Back in March, a ban on single use plastic bags like the ones you find in grocery stores was supposed to take effect. But the ban has been in a form of legal limbo due to a court challenge. That has frustrated environmental advocates.

"It's as if the law doesn't exist," said Judith Enck, a longtime environmental activist and a former EPA official in the Obama administration. 

What You Need To Know

  • The plastic bag ban remains under a court challenge.

  • Environmental groups are worried about the ban's legal limbo.

  • The DEC says it is focused on educating New Yorkers about using reusable bags.

The ban's full implementation was first delayed in February by the court challenge.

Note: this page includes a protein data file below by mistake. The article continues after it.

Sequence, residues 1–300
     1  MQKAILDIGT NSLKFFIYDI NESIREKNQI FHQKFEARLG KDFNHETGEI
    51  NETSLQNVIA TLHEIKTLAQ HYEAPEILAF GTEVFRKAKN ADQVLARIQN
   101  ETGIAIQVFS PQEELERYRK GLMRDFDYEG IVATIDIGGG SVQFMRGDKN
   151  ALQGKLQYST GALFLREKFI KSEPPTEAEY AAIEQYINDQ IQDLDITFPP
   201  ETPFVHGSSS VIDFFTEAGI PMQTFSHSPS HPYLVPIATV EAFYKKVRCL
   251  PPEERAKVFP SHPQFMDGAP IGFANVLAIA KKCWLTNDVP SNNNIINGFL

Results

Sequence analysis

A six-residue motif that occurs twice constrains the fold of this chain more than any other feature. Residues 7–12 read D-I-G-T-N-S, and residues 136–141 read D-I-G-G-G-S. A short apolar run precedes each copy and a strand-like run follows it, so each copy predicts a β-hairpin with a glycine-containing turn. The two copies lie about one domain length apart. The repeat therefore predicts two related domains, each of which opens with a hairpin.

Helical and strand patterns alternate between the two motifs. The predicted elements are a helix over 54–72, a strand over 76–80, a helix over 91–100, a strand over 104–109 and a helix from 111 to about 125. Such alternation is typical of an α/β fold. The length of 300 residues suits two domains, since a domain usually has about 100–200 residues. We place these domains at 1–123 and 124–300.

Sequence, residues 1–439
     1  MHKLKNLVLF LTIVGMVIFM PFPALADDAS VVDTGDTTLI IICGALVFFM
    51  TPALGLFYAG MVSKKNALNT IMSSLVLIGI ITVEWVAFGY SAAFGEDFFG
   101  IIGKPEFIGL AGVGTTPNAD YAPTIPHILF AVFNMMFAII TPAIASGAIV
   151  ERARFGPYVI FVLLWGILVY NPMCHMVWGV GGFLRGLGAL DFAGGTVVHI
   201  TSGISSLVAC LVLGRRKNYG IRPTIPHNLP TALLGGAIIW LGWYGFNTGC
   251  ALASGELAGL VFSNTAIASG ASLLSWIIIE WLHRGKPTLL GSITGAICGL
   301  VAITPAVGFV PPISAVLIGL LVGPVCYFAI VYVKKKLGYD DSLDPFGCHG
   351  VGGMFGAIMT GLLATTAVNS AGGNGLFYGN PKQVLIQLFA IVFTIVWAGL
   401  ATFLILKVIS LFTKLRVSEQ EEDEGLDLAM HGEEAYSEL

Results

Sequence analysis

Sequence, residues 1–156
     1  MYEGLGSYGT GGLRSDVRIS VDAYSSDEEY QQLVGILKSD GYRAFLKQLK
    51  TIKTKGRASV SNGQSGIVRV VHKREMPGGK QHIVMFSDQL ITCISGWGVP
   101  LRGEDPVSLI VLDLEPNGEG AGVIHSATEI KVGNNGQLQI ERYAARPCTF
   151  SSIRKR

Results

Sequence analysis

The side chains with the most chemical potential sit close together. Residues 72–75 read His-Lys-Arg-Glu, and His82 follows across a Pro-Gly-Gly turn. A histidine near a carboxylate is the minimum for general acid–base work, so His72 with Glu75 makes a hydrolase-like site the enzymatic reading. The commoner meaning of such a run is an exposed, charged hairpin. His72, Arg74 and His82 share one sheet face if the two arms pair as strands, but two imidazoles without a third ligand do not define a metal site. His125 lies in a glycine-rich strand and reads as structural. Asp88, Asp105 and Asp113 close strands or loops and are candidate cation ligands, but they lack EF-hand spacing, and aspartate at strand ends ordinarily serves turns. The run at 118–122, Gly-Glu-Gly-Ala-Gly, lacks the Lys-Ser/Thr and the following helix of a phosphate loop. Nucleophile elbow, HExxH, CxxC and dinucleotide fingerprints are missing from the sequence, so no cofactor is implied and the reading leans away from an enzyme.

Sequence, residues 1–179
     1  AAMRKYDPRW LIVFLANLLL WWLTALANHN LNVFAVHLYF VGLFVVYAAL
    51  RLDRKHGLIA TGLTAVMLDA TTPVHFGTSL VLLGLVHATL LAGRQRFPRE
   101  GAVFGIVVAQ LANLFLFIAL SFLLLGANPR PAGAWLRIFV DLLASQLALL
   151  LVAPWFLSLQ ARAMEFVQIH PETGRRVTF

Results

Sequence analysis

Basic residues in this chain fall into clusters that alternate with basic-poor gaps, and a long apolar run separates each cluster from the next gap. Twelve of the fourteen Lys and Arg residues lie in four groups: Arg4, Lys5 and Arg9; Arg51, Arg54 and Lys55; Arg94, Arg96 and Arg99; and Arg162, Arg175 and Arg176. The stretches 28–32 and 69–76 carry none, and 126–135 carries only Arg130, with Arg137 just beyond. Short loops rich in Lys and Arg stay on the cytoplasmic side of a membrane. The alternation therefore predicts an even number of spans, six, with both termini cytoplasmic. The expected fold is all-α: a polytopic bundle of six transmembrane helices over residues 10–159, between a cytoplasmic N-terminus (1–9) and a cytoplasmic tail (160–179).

"And then COVID hit," Enck said. "So the 30-day delay became a 60-day delay and then a 90-day delay."

The ban was first approved in the state budget last year, meant to cut down on plastic bag waste environmental groups say has helped contributed to pollution and climate change.  

Enck wants clarity from the Department of Environmental Conservation on what comes next.

"We very much need the DEC to enforce the law," she said. "I'm not saying they should issue fines and penalties. All I want is a one paragraph statement from the DEC saying the plastic bag ban is the law of the land. You must comply."

The Department of Environmental Conservation in a statement said that for now it is focusing on education surrounding plastic bags. 

"New York's ban on single-use plastic bags went into effect as planned on March 1," the department said in a statement. "Retailers across the state are complying. We have consistently said since the beginning of our outreach campaign that we will focus on education rather than enforcement."

The DEC is also urging New Yorkers to bring reusable bags to the stores and make sure they are washed.